Anyway, what does this mean? Well the first term is easy to recognize, at least it is if we understand that the sum of squares of integers from 1 to inf is pi^2/6. That goes back to Euler, who derived that (very pretty) result for the rest of us to appreciate. In fact, just look online and you will find all sorts of pages explaining the result.
What then does the second term imply? It just tells us that if you want to compute your desired FINITE sum, the simplest way to represent it is to subtract the sum of the squares of integers from (n+1) to infinity, from a corresponding sum that extends from 1 to infinity. Mush as in your first problem, now we have two INFINITE but overlapping sums. Again, we can choose to cancel the corresponding terms, except that here the terms that cancel out are the terms in the finite sum. So the difference between the two infinite series is just the desired finite sum.
symsum(1/k^2, 1, n) == symsum(1/k^2, 1, inf) - symsum(1/k^2, n+1,inf)
Why does that help us? It does so because we can write each of those infinite sums in a known form. As we saw above, the first of those infinite series is just the Eulerian sum, which reduces to pi^2/6, as I said above.
The second term is only simply written using the polygamma function.
Can I explain Polygamma very easily? Hmm. I think the best answer is to just do some reading about the polygamma function, perhaps starting with that page. One thing you might consider is the gamma function itself is a very pretty thing, with the property that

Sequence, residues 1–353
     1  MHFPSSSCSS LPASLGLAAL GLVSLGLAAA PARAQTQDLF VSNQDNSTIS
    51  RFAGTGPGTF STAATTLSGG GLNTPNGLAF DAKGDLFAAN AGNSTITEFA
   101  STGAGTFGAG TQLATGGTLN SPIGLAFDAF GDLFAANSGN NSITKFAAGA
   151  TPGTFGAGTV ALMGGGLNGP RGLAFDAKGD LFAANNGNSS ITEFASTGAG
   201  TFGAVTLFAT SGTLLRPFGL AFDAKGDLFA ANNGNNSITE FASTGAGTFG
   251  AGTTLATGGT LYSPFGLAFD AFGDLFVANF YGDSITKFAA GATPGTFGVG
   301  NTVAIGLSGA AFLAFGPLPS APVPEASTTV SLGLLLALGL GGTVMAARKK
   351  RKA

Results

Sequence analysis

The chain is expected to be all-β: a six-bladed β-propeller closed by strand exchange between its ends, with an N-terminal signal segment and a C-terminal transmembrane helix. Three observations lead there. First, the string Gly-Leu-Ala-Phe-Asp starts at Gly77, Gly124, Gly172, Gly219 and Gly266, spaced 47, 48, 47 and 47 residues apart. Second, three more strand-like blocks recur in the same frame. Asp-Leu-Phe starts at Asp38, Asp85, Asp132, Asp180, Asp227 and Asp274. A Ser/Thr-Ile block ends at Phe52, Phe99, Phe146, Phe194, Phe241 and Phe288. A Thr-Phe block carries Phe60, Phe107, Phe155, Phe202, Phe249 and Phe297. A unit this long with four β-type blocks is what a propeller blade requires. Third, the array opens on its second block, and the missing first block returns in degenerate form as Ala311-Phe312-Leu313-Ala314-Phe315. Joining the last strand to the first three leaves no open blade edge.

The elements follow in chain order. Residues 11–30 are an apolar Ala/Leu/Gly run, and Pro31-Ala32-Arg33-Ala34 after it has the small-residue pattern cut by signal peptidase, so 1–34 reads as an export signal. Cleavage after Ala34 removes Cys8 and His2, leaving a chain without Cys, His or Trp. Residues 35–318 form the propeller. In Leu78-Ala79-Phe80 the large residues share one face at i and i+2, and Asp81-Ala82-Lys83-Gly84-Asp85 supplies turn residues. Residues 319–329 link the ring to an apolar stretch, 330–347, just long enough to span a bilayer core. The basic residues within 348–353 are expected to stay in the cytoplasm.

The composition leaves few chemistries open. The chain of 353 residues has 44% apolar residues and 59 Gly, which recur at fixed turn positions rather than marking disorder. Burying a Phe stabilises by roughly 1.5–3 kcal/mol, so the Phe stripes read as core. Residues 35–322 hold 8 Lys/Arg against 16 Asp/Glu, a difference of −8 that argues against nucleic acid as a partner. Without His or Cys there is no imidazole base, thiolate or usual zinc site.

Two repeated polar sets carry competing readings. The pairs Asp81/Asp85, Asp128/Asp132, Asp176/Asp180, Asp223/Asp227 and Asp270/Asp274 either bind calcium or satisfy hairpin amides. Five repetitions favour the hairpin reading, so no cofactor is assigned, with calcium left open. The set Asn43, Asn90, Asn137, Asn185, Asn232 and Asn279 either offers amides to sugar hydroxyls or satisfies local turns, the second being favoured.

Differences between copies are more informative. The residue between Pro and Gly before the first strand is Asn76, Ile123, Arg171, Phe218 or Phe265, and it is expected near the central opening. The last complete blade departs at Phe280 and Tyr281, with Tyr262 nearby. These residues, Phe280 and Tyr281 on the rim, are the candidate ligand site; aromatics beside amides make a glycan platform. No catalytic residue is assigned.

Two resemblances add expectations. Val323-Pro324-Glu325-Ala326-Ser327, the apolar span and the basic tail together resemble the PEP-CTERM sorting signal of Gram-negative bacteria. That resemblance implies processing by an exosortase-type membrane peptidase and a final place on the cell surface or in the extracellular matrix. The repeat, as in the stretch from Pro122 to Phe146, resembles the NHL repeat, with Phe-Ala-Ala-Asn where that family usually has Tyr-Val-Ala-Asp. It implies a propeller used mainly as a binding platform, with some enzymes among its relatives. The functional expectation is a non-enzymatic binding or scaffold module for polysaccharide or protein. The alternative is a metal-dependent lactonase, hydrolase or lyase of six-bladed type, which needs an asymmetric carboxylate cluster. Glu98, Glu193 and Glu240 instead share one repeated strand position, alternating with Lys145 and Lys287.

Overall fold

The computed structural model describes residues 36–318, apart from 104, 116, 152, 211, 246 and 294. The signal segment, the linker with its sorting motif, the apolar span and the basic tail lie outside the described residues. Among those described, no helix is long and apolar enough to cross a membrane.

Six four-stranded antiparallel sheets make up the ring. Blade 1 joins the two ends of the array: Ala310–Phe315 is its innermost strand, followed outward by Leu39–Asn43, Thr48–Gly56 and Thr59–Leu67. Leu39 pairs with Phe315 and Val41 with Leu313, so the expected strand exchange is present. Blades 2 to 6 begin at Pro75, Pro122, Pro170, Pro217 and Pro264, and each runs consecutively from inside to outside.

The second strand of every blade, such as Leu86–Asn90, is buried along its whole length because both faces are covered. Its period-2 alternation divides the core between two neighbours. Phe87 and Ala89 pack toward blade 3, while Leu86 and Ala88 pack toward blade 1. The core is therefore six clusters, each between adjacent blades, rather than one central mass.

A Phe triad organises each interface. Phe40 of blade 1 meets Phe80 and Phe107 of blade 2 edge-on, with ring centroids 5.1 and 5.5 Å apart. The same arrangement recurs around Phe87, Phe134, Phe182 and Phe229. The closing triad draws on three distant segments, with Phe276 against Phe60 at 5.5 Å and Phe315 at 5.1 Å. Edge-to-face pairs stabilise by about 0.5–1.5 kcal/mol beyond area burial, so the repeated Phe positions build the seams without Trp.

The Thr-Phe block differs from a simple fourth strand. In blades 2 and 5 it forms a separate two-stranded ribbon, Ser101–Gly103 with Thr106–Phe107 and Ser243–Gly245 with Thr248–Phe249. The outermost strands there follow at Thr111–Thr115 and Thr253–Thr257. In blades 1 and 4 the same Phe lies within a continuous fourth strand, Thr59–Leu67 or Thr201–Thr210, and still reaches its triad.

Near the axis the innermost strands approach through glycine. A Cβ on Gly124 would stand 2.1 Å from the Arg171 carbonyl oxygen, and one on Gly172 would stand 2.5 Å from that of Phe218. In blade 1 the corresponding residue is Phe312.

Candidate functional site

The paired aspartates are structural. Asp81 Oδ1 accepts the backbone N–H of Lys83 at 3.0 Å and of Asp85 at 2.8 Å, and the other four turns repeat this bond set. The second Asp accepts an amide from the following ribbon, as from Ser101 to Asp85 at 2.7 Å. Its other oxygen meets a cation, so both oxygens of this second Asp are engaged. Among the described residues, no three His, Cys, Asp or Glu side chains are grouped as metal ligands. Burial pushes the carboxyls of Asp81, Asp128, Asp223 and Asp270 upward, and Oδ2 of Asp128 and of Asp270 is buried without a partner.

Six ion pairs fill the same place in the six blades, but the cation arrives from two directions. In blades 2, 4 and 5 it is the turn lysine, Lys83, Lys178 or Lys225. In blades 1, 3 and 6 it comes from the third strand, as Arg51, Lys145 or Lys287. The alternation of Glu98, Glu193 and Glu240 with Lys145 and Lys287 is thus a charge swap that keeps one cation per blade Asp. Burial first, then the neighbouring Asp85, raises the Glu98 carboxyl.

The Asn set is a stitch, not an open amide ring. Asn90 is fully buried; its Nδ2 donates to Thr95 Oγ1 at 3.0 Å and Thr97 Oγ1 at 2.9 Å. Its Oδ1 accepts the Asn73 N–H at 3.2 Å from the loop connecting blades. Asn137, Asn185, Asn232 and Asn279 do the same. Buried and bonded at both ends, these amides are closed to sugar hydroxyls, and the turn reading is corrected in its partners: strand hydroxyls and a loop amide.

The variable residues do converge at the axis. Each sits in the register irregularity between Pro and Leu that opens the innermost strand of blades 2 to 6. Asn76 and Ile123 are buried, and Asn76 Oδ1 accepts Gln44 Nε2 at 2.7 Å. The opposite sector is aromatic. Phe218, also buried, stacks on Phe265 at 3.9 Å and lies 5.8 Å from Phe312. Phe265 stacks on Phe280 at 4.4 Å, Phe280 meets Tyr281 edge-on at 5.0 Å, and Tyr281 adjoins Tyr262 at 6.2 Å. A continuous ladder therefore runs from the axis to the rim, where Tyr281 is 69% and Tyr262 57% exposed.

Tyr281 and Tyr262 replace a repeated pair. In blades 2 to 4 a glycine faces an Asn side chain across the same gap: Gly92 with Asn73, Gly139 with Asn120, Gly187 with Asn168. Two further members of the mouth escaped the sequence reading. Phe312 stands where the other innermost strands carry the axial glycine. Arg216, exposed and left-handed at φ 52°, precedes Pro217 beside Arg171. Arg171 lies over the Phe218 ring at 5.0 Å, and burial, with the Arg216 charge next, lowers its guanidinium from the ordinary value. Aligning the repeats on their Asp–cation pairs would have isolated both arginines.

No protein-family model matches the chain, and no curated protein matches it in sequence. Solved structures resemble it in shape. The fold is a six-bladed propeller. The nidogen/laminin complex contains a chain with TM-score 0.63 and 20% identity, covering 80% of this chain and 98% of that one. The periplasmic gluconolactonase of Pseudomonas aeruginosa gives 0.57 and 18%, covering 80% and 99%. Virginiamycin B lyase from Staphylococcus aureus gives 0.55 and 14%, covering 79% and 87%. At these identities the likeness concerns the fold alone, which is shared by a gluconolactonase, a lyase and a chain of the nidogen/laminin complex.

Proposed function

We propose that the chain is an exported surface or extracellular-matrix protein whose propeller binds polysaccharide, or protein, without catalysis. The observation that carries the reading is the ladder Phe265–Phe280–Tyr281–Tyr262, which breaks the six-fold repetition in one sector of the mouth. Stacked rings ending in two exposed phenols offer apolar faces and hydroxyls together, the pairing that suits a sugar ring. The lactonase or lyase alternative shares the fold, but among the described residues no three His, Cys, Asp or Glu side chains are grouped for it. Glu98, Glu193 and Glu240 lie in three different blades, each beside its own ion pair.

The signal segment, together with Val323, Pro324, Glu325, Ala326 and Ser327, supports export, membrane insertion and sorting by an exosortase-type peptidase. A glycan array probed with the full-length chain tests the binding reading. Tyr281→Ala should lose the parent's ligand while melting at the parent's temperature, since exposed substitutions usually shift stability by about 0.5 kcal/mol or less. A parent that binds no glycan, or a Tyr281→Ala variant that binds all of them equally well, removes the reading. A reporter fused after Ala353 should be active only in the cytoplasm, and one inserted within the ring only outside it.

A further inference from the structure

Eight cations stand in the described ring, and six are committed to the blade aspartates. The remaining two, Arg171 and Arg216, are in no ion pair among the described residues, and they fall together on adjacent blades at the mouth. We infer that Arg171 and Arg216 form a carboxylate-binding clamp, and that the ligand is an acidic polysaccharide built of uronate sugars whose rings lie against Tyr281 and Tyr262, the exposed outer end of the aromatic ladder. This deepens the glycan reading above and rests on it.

gamma(n+1) == n*gamma(n)
In fact, we often use the gamma function as a factorial replacement, because the factorial function itself has a very similar property, where factorial(n+1) = (n+1)*factorial(n). Then we can take one more step, and find that for integer values of n, factorial(n)==gamma(n+1). There are lots of very pretty things you can do now, but I digress.
The whole point of my digression is to convince you to look at the gamma function, and the derivatives of the log of the gamma function. Again, do some reading, as this is wonderful a rabbit hole wherein I would be forced to write an entire book. And even though that book would be a wonderful read, it has already been written too many times by others more capable than am I.
The whole point of this is to convince that you can indeed write that second infinite sum using psi. For those that need some convincing, we can do a simple enough test. A wonderful feature about tools like MATLAB is they allow you to explore a result to convince yourself if it makes sense. Thus is psi(n+1,1) really the same as the infinite sum: symsum(1/k^2,n+1,inf)?